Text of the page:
The coroner who conducted the inquest into the fatal Vauxhall helicopter crash has written an official report expressing his concern that not enough is being done by the planning authorities to prevent helicopters crashing into tall buildings along the Thames in the future – OurCity.London can reveal.
At one minute to 8am, January 16, 2013 a helicopter flying in heavy cloud along the Thames flew into a crane attached to One St George’s Wharf, London’s tallest residential building.
The helicopter crashed to the ground on Wandsworth Road. Debris and jet fuel hit a pedestrian, Matthew Wood, who died of burns. The pilot, Peter Barnes also died.
The Vauxhall helicopter crash was the first in central London since official air accident records began in 1976. And with new tall buildings being given permission everywhere in London are public authorities doing enough to prevent future accidents and future deaths? The answer is no according to the coroner who held the inquest into the deaths.
What should have been done?
In 2014 the Air Accident Investigation Branch (AAIB) concluded an inquiry into the crash. The inquiry noted that the manager of the heliport had concerns about the new tower when it was being planned, and thought that it may make flying in poor visibility more difficult. He had had informal discussions with the Civil Aviation Authority (CAA) but the planning authority (it is unclear in the report which planning authority) did not respond to his concerns and he took them no further.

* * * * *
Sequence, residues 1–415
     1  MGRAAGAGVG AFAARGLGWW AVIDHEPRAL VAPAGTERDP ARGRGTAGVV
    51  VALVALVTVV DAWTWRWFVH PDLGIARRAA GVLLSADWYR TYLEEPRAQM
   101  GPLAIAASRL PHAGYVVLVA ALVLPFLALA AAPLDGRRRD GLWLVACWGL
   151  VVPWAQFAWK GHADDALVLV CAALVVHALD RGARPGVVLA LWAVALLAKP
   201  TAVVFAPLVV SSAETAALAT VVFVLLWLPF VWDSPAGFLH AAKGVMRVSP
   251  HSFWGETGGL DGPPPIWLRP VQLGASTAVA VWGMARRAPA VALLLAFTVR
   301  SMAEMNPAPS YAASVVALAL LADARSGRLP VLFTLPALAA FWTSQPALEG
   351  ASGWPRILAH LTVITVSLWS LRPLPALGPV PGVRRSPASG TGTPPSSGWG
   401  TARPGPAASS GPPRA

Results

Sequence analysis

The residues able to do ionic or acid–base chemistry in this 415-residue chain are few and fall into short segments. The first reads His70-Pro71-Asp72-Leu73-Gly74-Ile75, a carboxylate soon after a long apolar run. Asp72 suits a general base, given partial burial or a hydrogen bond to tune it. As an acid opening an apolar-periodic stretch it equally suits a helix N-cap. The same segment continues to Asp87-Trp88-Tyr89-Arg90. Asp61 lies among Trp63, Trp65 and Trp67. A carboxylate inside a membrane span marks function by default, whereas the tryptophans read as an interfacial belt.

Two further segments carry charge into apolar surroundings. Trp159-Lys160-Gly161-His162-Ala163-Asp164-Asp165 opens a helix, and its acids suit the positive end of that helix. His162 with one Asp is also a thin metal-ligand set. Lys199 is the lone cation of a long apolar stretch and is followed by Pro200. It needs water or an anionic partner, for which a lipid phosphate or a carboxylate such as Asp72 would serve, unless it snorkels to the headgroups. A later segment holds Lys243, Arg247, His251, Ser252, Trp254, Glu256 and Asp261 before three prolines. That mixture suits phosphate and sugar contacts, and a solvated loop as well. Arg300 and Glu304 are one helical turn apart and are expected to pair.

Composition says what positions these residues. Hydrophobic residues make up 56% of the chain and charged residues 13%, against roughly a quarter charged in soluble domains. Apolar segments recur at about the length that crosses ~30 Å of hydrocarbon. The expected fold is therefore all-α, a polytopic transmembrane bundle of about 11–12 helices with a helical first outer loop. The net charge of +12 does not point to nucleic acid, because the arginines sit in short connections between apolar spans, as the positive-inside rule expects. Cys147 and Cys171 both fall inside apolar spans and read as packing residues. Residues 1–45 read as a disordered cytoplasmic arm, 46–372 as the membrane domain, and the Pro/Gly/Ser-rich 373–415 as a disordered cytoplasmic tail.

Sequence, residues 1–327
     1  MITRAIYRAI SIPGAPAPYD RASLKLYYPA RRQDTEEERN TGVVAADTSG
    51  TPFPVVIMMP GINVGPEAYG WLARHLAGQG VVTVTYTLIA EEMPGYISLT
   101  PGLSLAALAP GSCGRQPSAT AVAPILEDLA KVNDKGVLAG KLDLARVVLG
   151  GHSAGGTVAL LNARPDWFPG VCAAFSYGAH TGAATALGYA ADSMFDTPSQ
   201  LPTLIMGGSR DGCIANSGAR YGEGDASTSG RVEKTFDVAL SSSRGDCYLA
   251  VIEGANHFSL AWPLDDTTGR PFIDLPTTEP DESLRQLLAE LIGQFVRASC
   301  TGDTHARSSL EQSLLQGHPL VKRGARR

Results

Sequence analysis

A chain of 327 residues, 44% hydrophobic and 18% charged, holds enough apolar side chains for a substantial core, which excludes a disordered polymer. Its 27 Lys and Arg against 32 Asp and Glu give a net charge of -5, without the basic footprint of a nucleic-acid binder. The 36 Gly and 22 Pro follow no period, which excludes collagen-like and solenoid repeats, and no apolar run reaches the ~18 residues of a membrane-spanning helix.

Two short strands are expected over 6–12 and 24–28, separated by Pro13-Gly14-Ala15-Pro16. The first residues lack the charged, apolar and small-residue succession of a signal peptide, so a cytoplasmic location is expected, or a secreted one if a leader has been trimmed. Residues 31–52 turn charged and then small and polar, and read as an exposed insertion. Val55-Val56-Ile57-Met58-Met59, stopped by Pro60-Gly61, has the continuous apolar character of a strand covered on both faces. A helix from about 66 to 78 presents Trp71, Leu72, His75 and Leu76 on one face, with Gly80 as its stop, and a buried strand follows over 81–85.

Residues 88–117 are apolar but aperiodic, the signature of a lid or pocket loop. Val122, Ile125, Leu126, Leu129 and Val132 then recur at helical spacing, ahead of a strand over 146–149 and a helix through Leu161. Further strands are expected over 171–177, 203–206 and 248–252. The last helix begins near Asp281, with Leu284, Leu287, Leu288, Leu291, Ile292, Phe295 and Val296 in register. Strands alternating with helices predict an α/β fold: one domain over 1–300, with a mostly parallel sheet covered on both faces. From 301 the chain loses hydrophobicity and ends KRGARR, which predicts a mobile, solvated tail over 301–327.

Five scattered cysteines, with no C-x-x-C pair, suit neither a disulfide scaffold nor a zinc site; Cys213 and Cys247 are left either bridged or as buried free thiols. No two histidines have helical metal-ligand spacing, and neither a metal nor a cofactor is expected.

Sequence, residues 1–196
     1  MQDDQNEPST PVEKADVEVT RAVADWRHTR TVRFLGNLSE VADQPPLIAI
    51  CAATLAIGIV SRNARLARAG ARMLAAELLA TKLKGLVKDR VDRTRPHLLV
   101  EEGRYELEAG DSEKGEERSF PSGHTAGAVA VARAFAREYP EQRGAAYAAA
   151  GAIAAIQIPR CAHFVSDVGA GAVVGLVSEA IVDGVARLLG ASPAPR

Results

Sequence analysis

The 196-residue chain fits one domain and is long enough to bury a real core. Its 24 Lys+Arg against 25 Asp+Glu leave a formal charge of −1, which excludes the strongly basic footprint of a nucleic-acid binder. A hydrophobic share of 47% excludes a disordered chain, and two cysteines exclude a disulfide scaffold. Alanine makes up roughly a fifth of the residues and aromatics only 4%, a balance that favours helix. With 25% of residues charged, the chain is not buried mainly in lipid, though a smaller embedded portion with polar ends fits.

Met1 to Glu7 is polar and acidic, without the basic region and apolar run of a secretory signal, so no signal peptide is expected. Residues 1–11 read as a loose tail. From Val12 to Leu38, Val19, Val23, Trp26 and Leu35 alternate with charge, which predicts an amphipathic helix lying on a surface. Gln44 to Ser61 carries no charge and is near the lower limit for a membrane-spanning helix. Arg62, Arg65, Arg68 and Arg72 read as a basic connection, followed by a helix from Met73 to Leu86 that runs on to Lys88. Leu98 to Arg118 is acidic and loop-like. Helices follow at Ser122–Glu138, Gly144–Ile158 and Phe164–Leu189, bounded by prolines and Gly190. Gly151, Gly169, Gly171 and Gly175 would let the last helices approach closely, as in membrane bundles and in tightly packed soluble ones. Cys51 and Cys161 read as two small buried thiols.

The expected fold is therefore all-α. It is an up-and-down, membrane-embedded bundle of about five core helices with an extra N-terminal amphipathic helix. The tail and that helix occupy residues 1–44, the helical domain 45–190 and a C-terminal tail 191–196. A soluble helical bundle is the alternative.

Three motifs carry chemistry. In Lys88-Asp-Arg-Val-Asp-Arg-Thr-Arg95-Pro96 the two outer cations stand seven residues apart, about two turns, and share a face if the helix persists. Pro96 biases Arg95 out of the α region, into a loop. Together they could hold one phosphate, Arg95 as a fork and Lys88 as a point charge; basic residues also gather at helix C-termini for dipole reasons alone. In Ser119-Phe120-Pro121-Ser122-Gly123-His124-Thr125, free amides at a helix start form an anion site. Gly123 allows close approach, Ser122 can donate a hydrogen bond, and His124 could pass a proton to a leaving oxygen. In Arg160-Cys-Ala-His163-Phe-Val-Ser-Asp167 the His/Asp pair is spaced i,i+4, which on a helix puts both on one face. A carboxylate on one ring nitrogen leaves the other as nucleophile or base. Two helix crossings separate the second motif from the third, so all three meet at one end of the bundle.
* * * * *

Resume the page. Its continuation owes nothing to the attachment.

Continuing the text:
The AAIB recommended that the Civil Aviation Authority be given the ability to assess the implications of new planning applications for tall buildings on air transport before the grant of planning permission. At the time the Senior Inspector of Air Accidents said that if the recommendation was not implemented, lives could be put at risk.
What has been done?
Two years on, that recommendation from the AAIB has never been acted upon, and this has raised concern from the coroner at the inquest into the Vauxhall helicopter crash.
The inquest into the deaths at Vauxhall concluded in December 2015. It found that the deaths were accidental. However, what appears to have gone unreported is that in the weeks after the inquest the coroner wrote to the Secretary of State for Transport expressing concern that neither the government nor planning authorities had done anything to act on the recommendation of the AAIB.
In fact the coroner found that more than a year after the AAIB had made their recommendation the Department for Transport had done nothing to implement it and had told him they had no intention of implementing it, as it would be contrary to government plans for the planning process.
Coroners are under a legal duty to make what is called a ‘report to prevent future deaths’ if they think an organisation can and should take action to prevent future deaths. As a result of his concerns, the coroner Andrew Harris issued such a report in January 2016. He sent his report to the Secretary of State for Transport, but also sent a copy to a senior planning officer at the London Borough of Lambeth and the Head of Development Permission at Wandsworth.